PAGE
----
“Recently, in Central Coalfields Ltd. v. SLL-SML (Joint Venture Consortium) it was held by this Court, relying on a host of decisions that the decision making process of the employer or owner of the project in accepting or rejecting the bid of a tenderer should not be interfered with. Interference is permissible only if the decision making process is mala fide or is intended to favour someone. Similarly, the decision should not be interfered with unless the decision is so arbitrary or irrational that the Court could say that the decision is one which no responsible authority acting reasonably and in accordance with law could have reached. In other words, the decision making process or the decision should be perverse and not merely faulty or incorrect or erroneous.
In Dwarkadas, (1989) 3 SCC 293 it was held that the Constitutional Courts are concerned with the decision making process. Tata Cellular, (1994) 6 SCC 651 went a step further and held that a decision if challenged (the decision having been arrived at through a valid process), the Constitutional Courts can interfere if the decision is perverse. However, the Constitutional Courts are expected to exercise restraint in interfering with the administrative decision and ought not to substitute its view for that of the administrative authority. This was confirmed in Jagdish Mandal, (2007) 14 SCC 517 as mentioned in Central Coalfields. In other words, a mere disagreement with the decision making process or the decision of the administrative authority is no reason for a Constitutional Court to interfere. The threshold of mala fides, intention to favour someone or arbitrariness, irrationality or perversity must be met before the Constitutional Court interferes with the decision making process or the decision.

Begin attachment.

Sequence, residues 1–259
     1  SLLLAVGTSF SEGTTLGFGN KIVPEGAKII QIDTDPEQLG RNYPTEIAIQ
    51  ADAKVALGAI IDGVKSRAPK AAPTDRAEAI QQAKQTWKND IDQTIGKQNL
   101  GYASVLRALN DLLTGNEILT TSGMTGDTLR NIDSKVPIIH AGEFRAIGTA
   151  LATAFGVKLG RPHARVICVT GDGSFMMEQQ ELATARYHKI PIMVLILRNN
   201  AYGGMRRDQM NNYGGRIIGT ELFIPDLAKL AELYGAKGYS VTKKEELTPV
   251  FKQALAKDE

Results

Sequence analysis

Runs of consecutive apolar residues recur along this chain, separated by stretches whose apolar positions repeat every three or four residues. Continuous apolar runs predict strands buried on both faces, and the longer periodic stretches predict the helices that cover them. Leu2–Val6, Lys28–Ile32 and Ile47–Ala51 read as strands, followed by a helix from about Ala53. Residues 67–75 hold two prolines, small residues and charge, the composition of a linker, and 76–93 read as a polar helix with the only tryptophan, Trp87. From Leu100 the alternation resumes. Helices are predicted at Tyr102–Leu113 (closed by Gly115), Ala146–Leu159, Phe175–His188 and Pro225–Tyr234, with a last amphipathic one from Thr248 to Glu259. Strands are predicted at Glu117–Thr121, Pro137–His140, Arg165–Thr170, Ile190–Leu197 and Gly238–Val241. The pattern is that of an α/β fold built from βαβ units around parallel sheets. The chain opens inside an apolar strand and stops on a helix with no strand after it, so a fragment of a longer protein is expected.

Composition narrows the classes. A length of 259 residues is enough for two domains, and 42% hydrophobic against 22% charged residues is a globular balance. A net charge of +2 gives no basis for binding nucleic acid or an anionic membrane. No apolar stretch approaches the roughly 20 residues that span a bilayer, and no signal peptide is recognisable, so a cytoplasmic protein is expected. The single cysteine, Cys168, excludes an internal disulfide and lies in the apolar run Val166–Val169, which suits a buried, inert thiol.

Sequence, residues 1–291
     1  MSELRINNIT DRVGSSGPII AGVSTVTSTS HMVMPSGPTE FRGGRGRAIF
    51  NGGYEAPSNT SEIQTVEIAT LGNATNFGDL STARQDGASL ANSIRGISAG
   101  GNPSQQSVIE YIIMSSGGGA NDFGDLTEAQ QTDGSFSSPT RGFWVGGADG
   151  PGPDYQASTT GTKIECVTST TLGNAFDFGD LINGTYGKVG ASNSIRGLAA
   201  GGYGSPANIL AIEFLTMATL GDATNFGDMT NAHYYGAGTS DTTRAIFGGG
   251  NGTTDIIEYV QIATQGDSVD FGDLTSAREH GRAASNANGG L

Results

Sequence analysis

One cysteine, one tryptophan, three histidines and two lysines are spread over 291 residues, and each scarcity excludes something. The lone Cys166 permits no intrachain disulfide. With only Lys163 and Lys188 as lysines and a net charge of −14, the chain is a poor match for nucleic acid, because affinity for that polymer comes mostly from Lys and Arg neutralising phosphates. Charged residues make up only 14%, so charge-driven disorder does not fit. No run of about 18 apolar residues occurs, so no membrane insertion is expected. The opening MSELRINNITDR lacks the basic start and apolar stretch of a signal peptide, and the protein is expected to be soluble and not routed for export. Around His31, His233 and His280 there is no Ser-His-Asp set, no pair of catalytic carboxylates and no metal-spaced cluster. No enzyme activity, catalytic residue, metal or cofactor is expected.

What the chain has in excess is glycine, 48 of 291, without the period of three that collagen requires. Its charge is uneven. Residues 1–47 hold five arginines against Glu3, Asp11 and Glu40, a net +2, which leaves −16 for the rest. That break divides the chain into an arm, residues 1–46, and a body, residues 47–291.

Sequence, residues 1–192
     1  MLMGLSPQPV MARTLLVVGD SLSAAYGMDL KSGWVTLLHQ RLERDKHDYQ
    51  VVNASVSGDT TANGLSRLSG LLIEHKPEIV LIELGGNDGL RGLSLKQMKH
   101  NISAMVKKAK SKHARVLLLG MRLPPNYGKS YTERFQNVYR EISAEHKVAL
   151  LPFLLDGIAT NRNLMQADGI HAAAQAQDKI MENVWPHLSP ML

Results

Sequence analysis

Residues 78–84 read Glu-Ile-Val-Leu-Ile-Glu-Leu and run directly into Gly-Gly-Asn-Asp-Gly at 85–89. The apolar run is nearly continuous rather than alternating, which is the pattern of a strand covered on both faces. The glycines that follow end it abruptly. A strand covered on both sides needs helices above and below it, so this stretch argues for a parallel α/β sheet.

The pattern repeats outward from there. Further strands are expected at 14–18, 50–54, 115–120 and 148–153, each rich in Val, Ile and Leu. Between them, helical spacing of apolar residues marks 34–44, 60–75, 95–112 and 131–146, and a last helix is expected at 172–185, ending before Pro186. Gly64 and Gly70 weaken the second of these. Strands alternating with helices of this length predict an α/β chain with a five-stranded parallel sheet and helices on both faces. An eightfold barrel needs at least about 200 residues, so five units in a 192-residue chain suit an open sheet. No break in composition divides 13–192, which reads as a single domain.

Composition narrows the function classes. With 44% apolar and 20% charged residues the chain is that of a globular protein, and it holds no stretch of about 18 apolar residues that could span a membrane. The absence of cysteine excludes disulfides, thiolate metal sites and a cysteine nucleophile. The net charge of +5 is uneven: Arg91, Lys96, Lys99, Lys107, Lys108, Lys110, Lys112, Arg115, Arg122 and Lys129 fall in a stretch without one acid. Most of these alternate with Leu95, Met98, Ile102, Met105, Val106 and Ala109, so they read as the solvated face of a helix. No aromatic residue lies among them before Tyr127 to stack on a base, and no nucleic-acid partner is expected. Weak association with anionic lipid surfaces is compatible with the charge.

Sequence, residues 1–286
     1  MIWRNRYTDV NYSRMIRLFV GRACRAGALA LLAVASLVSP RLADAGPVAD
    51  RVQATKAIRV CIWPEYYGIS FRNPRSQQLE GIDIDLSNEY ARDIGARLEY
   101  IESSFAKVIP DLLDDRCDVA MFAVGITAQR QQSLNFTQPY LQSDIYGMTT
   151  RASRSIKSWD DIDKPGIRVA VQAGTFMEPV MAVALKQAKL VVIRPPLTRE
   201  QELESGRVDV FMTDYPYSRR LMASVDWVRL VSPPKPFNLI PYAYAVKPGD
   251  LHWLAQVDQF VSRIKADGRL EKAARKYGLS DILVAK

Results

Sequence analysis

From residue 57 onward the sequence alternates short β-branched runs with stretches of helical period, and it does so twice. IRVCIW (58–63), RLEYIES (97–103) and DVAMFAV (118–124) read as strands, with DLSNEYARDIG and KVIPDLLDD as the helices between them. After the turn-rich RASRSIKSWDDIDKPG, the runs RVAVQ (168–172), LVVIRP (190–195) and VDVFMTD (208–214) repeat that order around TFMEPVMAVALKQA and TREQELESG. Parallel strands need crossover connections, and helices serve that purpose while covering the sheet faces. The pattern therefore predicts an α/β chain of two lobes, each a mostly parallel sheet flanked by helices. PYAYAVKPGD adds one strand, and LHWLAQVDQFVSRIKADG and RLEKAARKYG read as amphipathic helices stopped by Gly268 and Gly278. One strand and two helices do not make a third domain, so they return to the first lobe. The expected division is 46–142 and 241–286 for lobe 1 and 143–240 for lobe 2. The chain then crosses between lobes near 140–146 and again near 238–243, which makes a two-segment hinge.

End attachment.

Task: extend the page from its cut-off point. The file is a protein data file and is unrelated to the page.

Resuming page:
We may add that the owner or the employer of a project, having authored the tender documents, is the best person to understand and appreciate its requirements and interpret its documents. The Constitutional Courts must defer to this understanding and appreciation of the tender documents, unless there is mala fide or perversity in the understanding or appreciation or in the application of the terms of the tender conditions. It is possible that the owner or employer of a project may give an interpretation to the tender documents that is not acceptable to the Constitutional Courts but that by itself is not a reason for interfering with the interpretation given.”
– Hon’ble Justice Madan B. Lokur, Afcons Infrastructure Ltd. v. Nagpur Metro Rail Corporation Ltd., [Civil Appeal No. 9078 of 2016].